A fall in profits made by UK firms could threaten pensions, schools and jobs, the Confederation of British Industry (CBI) has warned.
Soaring oil and metal prices have hit UK firms, the CBI has said.
It says the amount companies earn as a share of the UK's gross domestic product (GDP) has seen a "marked and worrying" decline since 1997.
The CBI blamed the fall on soaring oil and metals prices and extra tax and regulation, among other factors.
It called on Gordon Brown not to do anything to raise business costs.
Other causes the CBI highlighted for the fall in profits were increased pensions contributions and competition from emerging markets such as China.
CBI director general Digby Jones said the economy had been doing well in
general, but this "relatively new" lower profits development was worrying.
"We have been through a period of profitless prosperity with firms not making
as much money as in previous economic upswings," he said.
"Ministers and voters alike must realise this is not merely a business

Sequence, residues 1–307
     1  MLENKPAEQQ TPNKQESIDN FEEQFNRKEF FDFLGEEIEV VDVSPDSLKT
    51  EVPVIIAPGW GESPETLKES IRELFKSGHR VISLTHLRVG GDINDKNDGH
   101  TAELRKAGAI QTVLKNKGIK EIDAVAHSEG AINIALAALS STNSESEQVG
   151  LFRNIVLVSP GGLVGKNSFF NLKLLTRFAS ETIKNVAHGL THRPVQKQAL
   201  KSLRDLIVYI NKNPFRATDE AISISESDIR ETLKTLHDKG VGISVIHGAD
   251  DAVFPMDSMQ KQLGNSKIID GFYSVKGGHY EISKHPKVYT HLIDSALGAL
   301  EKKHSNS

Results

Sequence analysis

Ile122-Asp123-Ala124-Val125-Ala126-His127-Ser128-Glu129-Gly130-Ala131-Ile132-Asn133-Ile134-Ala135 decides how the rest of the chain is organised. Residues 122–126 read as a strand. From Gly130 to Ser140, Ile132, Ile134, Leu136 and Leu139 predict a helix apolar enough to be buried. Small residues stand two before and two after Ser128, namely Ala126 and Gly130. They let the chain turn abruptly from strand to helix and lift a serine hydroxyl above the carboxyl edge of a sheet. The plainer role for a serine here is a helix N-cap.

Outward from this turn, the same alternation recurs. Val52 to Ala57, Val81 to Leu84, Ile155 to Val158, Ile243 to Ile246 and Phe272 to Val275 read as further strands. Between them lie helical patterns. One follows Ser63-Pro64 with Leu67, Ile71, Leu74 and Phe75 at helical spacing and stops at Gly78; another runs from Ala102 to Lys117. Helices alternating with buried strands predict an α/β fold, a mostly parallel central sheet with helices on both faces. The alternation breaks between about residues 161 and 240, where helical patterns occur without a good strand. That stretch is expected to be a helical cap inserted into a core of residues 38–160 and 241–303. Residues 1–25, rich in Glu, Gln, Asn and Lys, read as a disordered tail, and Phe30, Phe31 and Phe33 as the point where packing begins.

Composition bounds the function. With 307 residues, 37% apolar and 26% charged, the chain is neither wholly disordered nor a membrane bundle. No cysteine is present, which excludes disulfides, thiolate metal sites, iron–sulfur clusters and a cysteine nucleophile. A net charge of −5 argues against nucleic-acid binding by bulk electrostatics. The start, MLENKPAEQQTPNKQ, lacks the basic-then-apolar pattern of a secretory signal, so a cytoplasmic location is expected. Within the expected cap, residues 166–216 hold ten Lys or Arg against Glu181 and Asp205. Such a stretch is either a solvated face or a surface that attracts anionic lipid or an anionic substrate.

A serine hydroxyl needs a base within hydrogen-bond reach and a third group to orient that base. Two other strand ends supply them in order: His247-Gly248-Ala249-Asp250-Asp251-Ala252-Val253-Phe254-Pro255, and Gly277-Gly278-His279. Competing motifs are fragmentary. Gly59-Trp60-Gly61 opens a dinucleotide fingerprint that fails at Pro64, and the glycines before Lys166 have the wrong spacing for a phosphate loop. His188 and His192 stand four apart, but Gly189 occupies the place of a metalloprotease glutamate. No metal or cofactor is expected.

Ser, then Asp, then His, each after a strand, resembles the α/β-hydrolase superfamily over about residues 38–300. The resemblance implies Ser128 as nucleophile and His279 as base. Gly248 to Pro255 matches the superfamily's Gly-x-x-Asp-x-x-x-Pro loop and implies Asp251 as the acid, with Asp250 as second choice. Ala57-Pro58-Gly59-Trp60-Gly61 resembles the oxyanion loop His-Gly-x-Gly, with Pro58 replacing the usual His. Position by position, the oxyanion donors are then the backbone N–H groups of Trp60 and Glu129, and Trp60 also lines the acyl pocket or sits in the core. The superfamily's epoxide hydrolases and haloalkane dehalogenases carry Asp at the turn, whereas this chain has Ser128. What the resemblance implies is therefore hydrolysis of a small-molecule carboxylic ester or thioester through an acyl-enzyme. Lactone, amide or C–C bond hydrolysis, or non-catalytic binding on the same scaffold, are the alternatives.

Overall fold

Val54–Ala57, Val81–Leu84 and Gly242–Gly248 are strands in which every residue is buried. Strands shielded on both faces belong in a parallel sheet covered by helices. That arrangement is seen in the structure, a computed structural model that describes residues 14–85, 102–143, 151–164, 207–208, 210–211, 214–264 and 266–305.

"With a significant proportion of all corporate profits going to pension
funds and insurance companies as shareholders, poor profits mean lower pensions,
less tax and fewer schools and hospitals."
In its submission to the chancellor's pre-Budget report, the CBI said profits
could have been more than £25bn higher in the past year alone if they had risen in
line with GDP, as expected on average over the economic cycle.
But during this cycle, profits look to have peaked at just over 22% of GDP
because of rising costs and downward pressure on prices.
This compared with peaks of above 25% during the previous two profit cycles,
which reached their high-points in early 1997 and 1985, the CBI said.
"Weak profitability is not all the government's fault," added Mr Jones.
"But it is certainly the government's responsibility to do nothing to add to business costs with more
regulation or taxation."